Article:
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Black Hole Meal Sets Record for Length and Size

For Release: February 6, 2017

CXC

XJ1500+0154
Credit: X-ray: NASA/CXC/UNH/D.Lin et al, Optical: CFHT, Illustration: NASA/CXC/M.Weiss
Press Image and Caption

A giant black hole ripped apart a star and then gorged on its remains for about a decade, according to astronomers. This is more than ten times longer than any observed episode of a star's death by black hole.

Researchers made this discovery using data from NASA's Chandra X-ray Observatory and Swift satellite as well as ESA's XMM-Newton.

The trio of orbiting X-ray telescopes found evidence for a "tidal disruption event" (TDE), wherein the tidal forces due to the intense gravity from a black hole can destroy an object — such as a star — that wanders too close. During a TDE, some of the stellar debris is flung outward at high speeds, while the rest falls toward the black hole. As it travels inwards to be ingested by the black hole, the material heats up to millions of degrees and generates a distinct X-ray flare.

"We have witnessed a star's spectacular and prolonged demise," said Dacheng Lin from the University of New Hampshire in Durham, New Hampshire, who led the study. "Dozens of tidal disruption events have been detected since the 1990s, but none that remained bright for nearly as long as this one."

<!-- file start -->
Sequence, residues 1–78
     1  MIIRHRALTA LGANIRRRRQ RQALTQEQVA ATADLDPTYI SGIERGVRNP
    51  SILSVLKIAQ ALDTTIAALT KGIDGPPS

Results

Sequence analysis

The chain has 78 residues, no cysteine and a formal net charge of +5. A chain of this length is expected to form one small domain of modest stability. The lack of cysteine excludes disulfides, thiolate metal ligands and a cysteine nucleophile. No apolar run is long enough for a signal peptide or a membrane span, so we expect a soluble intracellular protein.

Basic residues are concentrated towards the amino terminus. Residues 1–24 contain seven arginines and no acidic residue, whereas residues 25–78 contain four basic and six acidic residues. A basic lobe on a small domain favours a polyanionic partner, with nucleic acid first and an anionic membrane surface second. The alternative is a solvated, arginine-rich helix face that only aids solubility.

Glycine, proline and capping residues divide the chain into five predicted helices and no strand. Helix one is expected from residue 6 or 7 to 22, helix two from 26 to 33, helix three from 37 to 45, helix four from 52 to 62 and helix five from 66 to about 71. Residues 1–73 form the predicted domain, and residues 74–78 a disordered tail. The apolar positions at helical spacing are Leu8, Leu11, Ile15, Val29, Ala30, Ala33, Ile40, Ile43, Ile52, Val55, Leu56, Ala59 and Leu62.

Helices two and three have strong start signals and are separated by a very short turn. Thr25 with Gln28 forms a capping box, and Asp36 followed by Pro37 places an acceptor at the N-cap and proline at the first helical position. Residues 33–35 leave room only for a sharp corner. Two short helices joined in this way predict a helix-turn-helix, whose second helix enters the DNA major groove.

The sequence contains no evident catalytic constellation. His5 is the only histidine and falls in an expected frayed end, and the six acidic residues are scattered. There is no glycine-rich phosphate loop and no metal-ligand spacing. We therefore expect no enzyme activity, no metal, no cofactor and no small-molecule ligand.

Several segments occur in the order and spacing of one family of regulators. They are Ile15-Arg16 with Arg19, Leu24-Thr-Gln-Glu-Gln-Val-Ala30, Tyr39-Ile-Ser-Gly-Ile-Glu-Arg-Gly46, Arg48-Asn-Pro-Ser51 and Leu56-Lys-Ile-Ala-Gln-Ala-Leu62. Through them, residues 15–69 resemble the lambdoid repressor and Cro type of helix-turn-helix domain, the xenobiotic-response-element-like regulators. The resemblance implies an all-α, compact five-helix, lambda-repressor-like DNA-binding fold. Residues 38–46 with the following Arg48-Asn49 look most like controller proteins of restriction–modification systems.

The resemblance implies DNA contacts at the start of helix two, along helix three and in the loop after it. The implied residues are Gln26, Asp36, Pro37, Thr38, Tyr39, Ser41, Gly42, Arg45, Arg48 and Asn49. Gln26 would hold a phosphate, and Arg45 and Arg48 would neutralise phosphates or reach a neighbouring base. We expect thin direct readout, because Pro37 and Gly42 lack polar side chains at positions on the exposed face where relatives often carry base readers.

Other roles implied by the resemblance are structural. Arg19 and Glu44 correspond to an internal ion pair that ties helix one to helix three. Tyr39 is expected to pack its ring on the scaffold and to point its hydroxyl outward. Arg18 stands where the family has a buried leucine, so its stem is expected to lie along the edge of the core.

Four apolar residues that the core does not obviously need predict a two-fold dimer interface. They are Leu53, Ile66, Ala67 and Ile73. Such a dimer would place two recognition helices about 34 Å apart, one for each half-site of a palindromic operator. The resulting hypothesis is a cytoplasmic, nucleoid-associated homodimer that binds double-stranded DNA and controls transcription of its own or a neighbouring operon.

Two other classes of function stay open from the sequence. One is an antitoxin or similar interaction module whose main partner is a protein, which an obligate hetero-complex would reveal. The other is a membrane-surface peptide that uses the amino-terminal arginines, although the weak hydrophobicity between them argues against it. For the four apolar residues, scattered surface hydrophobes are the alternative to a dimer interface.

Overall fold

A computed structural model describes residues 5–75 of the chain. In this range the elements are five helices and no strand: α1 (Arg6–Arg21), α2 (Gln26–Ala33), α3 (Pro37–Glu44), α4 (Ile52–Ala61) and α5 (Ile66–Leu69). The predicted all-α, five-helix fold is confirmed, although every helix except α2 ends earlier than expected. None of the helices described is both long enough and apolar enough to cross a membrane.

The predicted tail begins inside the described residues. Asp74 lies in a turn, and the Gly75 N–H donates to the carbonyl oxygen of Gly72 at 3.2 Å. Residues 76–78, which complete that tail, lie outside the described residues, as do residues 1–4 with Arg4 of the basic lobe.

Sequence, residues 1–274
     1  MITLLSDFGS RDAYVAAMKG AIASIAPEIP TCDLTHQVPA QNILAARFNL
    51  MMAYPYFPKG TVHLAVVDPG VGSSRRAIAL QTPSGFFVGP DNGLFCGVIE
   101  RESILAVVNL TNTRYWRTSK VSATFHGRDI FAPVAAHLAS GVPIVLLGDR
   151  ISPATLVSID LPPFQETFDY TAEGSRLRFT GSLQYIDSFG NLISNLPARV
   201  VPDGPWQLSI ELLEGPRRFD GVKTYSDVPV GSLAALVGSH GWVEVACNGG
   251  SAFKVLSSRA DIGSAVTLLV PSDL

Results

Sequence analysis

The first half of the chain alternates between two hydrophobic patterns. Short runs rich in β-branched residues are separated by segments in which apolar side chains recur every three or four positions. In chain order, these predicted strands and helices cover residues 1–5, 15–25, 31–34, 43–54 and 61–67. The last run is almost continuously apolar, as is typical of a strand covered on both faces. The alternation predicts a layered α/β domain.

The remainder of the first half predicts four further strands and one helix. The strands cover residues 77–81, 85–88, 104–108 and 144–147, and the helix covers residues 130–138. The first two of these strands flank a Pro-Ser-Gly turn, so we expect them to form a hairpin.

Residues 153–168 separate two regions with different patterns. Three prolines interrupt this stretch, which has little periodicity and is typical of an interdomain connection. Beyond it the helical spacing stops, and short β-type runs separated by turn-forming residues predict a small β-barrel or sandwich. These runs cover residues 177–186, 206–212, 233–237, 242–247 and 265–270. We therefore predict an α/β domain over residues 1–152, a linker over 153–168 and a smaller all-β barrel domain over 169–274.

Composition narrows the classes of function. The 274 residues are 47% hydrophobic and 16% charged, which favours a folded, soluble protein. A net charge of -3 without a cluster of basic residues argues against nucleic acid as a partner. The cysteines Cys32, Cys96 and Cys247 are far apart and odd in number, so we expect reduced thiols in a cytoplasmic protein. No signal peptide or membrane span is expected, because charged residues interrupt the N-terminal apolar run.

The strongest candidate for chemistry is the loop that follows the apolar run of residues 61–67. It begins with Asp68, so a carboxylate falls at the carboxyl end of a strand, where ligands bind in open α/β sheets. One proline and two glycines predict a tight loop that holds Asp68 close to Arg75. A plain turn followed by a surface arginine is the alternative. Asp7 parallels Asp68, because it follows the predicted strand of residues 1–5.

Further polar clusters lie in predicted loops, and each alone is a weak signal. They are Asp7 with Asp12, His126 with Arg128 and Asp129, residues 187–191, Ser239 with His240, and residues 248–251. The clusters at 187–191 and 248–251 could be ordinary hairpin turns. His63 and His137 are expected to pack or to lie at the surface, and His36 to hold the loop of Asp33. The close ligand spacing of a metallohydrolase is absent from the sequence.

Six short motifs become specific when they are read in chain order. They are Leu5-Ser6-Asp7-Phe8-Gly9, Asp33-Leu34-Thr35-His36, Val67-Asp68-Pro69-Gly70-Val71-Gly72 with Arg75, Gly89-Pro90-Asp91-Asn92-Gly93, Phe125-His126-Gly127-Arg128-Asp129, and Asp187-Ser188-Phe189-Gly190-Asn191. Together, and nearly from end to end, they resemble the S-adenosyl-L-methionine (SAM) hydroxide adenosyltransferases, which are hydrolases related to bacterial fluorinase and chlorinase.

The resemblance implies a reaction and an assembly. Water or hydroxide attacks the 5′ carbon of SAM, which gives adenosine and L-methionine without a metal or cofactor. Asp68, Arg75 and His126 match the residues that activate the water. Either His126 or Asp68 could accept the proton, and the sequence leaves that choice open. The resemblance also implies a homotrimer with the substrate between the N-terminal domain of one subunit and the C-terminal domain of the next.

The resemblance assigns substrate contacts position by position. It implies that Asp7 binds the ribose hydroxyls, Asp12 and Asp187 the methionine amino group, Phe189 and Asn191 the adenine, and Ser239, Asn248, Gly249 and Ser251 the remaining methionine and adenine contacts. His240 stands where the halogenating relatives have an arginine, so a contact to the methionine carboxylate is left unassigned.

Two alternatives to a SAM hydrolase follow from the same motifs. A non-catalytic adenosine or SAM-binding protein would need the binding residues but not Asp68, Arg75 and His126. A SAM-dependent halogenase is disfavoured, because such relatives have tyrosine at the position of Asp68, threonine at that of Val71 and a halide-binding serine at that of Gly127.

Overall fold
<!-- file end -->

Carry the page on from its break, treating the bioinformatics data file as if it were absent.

The extraordinary long bright phase of this event spanning over ten years means that among observed TDEs this was either the most massive star ever to be completely torn apart during one of these events, or the first where a smaller star was completely torn apart.

The X-ray source containing this force-fed black hole, known by its abbreviated name of XJ1500+0154, is located in a small galaxy about 1.8 billion light years from Earth.

The source was not detected in a Chandra observation on April 2nd, 2005, but was detected in an XMM-Newton observation on July 23rd, 2005, and reached peak brightness in a Chandra observation on June 5, 2008. These observations show that the source became at least 100 times brighter in X-rays. Since then, Chandra, Swift, and XMM-Newton have observed it multiple times.

The sharp X-ray vision of Chandra data shows that XJ1500+0154 is located at the center of its host galaxy, the expected location for a supermassive black hole.

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